All over the UK, employees struggle to make it into work due to the weather conditions every winter. With wind, rain, floods, ice and even talk of snow on the way, nearly everyone has been affected to some degree. When the weather makes it difficult to travel, employers should consider how this could impact on the workplace as well as setting out clear expectations for staff on how potential absences will be handled.

Below are answers to a few questions that come up time and again – by considering all of these, a business should be able to handle adverse weather with as minimal disruption to the business as possible.

Do I have to pay staff if they can't make it into the office?

There is no legal right for staff to be paid by an employer for travel delays (unless the travel itself is part of their normal working time or if the employer provides the transport). However, employers may have contractual, collective or custom arrangements in place for how to handle travel disruption. Before making a decision on to handle a situation where someone is unable to get to work - check staff contracts, handbooks and staff meeting minutes for how this has been handled in the past.

 

How flexible do I have to be?

A flexible approach to matters such as working hours and location may be a solution. The handling of bad weather and travel disruption can be an opportunity for an employer to enhance staff morale and productivity by how it is handled. Can employees work from home? Could alternative working patterns be put in place? Is there a possibility to swap shifts around between staff?

The internet and email can be very useful in enabling a business to run effectively if many employees are absent from work. In today's world, so much can be accomplished remotely through laptops and smart phones, especially if they are able to access the internal server from home.

How can I avoid treating some members of staff unfairly?

Any measures taken should be carried out according to proper and fair procedure, even if businesses suffer from the consequences. Everyone must be treated the same, and the sooner employees understand what is expected from them – proper notice, working from home, working later to make up the time – the better. This will help maintain good, fair and consistent employment relations and help prevent complaints.

What level of responsibility do my team have?

Staff members should also be considering in advance how they would handle adverse weather - but it's important that they are told that they need to consider this ahead of time.
Ask employees to consider the following:

    • How will I get to work? Trains and buses might be operating reduced timetables or be running earlier or later than normal and road travel could be delayed by road closures or slow driving. They will need to consider alternative routes or travel methods to get into work – and of course home at the end of the day as well.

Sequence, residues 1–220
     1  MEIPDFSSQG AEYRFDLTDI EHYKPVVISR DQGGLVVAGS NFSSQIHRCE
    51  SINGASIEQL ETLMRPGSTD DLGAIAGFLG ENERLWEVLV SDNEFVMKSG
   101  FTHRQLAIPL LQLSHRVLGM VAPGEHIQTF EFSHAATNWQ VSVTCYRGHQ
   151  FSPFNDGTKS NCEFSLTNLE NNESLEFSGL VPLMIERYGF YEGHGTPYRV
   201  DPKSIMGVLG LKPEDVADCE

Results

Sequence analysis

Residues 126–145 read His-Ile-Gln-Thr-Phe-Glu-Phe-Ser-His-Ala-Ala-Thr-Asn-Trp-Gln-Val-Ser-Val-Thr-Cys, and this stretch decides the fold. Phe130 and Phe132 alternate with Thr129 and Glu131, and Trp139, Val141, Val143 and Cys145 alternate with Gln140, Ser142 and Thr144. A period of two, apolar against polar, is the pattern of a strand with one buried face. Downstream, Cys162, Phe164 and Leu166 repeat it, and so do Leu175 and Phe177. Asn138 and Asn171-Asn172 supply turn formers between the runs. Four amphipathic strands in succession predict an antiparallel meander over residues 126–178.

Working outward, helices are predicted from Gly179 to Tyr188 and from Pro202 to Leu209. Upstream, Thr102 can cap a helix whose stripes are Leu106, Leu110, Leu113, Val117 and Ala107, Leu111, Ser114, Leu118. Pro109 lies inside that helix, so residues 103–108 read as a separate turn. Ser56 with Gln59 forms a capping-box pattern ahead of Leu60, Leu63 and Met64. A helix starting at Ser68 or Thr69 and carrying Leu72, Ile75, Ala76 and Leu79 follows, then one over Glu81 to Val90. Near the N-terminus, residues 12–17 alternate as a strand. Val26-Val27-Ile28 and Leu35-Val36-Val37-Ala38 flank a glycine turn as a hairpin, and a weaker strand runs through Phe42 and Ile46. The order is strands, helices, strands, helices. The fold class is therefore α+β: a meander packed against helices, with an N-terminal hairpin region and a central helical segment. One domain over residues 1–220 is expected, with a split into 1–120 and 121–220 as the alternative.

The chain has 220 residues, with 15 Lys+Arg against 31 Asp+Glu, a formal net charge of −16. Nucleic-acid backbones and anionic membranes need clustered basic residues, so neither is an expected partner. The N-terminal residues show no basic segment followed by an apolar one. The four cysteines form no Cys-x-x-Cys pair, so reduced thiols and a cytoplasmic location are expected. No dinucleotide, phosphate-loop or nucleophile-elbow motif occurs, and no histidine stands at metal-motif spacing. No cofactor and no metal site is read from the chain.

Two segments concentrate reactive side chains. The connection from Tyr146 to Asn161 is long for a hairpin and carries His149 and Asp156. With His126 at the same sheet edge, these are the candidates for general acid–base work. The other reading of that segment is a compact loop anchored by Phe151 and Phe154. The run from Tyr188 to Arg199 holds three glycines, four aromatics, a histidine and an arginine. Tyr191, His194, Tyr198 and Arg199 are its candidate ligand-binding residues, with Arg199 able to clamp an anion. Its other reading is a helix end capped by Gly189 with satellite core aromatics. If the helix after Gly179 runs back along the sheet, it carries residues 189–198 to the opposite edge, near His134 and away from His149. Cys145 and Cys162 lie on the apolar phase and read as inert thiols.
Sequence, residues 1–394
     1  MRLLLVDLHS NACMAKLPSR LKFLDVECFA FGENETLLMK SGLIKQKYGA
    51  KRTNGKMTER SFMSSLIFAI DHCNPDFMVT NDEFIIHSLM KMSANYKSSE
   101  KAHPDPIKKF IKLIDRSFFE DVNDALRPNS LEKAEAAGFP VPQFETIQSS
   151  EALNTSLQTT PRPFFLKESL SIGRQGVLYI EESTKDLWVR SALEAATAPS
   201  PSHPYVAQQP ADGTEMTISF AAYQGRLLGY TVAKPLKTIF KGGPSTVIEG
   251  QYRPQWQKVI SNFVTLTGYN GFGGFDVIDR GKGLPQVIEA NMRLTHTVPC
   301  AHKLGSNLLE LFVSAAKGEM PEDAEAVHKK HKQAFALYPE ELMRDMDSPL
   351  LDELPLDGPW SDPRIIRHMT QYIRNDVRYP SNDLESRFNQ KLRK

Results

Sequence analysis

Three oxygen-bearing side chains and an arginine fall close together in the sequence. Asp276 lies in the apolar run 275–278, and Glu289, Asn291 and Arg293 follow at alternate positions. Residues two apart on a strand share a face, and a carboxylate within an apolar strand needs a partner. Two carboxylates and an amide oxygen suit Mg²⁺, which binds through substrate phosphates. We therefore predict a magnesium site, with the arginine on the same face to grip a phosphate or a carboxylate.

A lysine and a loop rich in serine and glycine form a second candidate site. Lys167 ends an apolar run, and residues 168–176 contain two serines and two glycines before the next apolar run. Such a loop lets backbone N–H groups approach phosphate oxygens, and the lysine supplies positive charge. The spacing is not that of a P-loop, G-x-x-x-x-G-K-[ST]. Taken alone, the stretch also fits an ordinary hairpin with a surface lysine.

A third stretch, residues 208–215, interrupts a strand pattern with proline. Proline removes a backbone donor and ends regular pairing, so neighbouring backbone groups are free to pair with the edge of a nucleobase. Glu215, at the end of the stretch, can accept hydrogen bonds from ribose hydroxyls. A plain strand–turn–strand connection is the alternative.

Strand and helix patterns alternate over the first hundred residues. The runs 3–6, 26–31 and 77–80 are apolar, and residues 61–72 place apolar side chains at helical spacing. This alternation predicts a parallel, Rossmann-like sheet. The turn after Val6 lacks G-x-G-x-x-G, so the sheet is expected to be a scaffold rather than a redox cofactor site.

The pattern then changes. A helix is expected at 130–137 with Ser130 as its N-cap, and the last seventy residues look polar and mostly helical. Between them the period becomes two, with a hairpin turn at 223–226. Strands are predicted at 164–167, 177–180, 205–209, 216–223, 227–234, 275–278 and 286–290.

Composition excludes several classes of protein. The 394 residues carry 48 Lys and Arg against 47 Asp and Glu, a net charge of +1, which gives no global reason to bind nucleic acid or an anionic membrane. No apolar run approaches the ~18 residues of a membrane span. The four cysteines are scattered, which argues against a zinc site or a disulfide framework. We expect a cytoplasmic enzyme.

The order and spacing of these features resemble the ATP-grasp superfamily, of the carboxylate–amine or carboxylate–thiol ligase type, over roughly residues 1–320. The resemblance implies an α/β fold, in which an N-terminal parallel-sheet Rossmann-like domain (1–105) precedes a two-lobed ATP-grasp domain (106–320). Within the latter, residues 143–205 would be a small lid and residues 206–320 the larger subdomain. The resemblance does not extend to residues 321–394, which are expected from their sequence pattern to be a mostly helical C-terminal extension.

• What arrangements are in place if my child cannot get to school? If the normal childcare provider is unavailable or if their school is closed, what are practical back-up arrangements that they can put in place?
    • How (and when) will I get in touch with the company to make them aware of any disruption? Employees will need to know who to speak to and ensure that they have a means of communicating with the company if they are going to be delayed.
    • How can the disruption be reduced? It's important that the employee is considering this as much as the business – there might be a solution that suits them, such as working from home, altering their hours or swapping shifts with others in the company.
    • How will this affect the rest of my team? If possible, a handover document or at least clear instructions on any deadlines that need to be met should be presented to whoever will be covering for the employee to make sure that nothing falls through the gaps.

What happens if my staff want to take unpaid leave?

In emergency situations, an employee is entitled to take unpaid time off to look after dependants, and in some cases, extremely adverse weather could be considered an emergency – especially if schools have shut down or businesses closed. However, whether this is classed as an "emergency" is still at the discrepancy of the company.
'Time Off for Dependants' means that an employee is entitled to take as much unpaid time off as an Employment Tribunal decides is reasonable in order to make alternative arrangements for childcare, and the right to time off may vary as per each individual's circumstance. Whilst some employers may offer this as holiday, this is only with the agreement of the employee - and if the employer chooses to offer or accept it.

What can I do ahead of time to avoid disruption in the future?

Consider implementing or reviewing the company policy on adverse weather in order to know how best to deal with future scenarios. The policy will cover the steps employees are required to take to try to get into work on time and how the business will continue if they cannot. Issues such as what is done about tardy arrivals and if this affects wages should be covered as well. Having such a policy will mean there is much less scope for confusion and disagreement.

As long as the decisions made are fully considered well in advance, and communicated clearly with all members of staff, disruption caused by weather should be minimal. It's also important to keep in mind that a happy workforce is often the most productive one – ensure that considerations of employee situations are taken into account and the staff feel as though they have been heard.

Jane Sevier is the director of HR company Sevier Consultancy Group

 

Link to article in HR Zone

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